Applies to: Windows 8, Windows 8.1
Ready to test Windows 8.1 in your environment? With the free Microsoft Deployment Toolkit 2013, you can quickly create a USB-based deployment media that not only installs Windows 8.1, but also installs the needed drivers, your applications and much more. Everything part of an automated deployment. This is possible because, in addition to the normal network-based deployments, MDT 2013 also supports the use of offline media-based deployments. You can very easily generate an offline version of your network-based deployment solution. The generated offline media can be burned to a DVD or copied to a USB stick for deployment.
Offline media is useful not only when you don’t have a network available for deployment, but also when you have a limited network connection and don’t want to copy several gigabytes of data over the wire. Offline media can still join the domain etc., but you save the transfer of operating system images, drivers, and applications over the wire.
Now let’s get going:
Microsoft Deployment Toolkit 2013 requires
Windows ADK for Windows 8.1, which is quite straightforward to install. Simply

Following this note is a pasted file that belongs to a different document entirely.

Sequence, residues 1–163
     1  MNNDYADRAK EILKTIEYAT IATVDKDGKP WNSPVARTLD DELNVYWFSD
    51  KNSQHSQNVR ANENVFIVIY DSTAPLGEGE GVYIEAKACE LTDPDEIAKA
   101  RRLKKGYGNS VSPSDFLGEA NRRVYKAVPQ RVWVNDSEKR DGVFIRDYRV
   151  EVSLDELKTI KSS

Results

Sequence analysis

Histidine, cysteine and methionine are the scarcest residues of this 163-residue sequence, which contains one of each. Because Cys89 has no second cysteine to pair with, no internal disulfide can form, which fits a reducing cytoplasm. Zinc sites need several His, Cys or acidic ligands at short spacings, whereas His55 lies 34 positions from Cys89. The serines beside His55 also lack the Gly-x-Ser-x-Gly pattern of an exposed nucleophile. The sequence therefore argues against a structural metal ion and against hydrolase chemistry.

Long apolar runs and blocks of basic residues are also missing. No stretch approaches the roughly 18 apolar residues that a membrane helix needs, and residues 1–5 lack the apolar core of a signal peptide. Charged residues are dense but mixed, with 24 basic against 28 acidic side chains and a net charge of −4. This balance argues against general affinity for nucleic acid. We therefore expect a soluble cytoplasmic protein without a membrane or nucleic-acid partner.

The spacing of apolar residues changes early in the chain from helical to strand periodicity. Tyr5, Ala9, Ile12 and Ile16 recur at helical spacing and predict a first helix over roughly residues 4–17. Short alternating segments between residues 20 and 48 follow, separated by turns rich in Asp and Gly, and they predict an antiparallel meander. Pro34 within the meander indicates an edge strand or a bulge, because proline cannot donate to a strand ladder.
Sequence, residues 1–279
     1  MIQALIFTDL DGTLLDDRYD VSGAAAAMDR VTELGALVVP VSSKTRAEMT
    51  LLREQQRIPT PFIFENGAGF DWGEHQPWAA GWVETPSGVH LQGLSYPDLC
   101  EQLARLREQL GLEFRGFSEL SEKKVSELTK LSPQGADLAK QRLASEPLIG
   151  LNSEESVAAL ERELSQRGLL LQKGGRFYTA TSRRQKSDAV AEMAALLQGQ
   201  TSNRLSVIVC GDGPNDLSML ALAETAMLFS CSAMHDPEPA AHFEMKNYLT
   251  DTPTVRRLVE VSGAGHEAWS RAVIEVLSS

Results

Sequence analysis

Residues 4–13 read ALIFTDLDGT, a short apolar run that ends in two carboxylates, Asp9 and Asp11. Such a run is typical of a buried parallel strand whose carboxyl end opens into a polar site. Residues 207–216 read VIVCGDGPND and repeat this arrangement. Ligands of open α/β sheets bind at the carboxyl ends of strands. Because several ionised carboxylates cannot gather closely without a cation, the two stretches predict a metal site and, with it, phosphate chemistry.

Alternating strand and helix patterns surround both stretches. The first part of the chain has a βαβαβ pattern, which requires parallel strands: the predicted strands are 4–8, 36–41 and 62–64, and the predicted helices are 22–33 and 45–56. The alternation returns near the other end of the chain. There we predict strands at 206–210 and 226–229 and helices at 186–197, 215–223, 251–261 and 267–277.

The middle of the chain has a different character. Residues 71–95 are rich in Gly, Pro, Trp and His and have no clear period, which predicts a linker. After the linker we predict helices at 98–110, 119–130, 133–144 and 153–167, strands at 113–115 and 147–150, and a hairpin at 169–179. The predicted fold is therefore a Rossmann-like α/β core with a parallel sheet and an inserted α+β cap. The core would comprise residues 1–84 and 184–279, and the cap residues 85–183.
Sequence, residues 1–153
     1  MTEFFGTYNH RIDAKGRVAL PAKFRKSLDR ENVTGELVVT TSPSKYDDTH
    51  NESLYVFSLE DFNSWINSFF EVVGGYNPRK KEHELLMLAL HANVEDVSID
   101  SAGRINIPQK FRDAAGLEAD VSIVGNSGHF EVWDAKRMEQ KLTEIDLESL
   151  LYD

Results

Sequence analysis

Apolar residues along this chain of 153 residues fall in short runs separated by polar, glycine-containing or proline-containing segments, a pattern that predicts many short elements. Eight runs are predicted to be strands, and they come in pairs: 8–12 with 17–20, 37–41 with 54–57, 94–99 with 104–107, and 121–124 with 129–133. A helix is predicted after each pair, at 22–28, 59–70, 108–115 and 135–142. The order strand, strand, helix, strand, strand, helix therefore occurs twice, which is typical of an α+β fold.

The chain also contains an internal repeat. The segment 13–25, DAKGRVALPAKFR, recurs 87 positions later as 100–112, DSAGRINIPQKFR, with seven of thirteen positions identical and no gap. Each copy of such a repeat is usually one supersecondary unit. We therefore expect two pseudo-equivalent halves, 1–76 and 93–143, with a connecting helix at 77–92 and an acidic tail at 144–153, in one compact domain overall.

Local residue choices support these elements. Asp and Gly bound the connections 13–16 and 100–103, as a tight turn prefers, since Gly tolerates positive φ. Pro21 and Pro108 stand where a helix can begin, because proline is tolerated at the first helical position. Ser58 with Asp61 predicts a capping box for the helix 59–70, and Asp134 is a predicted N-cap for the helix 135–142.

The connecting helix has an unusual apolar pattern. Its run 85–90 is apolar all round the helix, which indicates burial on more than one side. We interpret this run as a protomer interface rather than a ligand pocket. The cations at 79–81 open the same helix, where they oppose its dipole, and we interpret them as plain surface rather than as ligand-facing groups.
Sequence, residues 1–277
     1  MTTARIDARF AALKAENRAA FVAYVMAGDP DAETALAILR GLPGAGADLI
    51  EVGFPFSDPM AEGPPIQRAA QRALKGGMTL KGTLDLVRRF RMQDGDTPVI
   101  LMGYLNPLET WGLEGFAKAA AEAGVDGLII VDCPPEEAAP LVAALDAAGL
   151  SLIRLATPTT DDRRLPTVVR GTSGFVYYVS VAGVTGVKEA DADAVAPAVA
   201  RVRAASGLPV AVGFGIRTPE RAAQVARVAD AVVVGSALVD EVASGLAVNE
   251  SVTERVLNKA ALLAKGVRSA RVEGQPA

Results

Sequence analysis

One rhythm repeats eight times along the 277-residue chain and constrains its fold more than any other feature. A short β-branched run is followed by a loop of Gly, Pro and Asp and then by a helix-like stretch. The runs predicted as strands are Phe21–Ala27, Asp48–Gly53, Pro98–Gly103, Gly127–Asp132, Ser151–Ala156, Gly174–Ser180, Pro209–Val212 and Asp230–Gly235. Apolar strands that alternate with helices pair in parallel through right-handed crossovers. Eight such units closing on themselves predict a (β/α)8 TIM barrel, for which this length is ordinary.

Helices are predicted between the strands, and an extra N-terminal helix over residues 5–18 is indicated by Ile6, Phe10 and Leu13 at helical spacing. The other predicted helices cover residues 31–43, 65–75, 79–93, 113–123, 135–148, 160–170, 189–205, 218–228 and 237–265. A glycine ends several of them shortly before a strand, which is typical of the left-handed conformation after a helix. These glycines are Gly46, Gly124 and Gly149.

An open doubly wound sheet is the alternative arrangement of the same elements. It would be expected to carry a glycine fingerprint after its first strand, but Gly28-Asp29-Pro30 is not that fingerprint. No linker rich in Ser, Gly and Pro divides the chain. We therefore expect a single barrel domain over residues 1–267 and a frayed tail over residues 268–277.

download the kit from Microsoft and run the adksetup.exe. A quick tip: if you want to download Windows ADK for Windows 8.1 only, without running the normal install, you can run: adksetup.exe /layout "C:\Setup\Windows ADK 8.1".
During the Windows ADK for Windows 8.1 setup, select the following components (as shown below):
Once Windows ADK for Windows 8.1 is installed, download and install MDT 2013 using the default settings. After the install, you find the Deployment Workbench on your Start screen.
Using the Deployment Workbench (via the Start screen), right-click Deployment Shares and select New Deployment Share. Use the following settings for the New Deployment Share Wizard.
Note: These steps assume you have downloaded the Windows 8.1 Enterprise x64 ISO and extracted it to the C:\Setup\Windows 8.1 Enterprise x64 folder.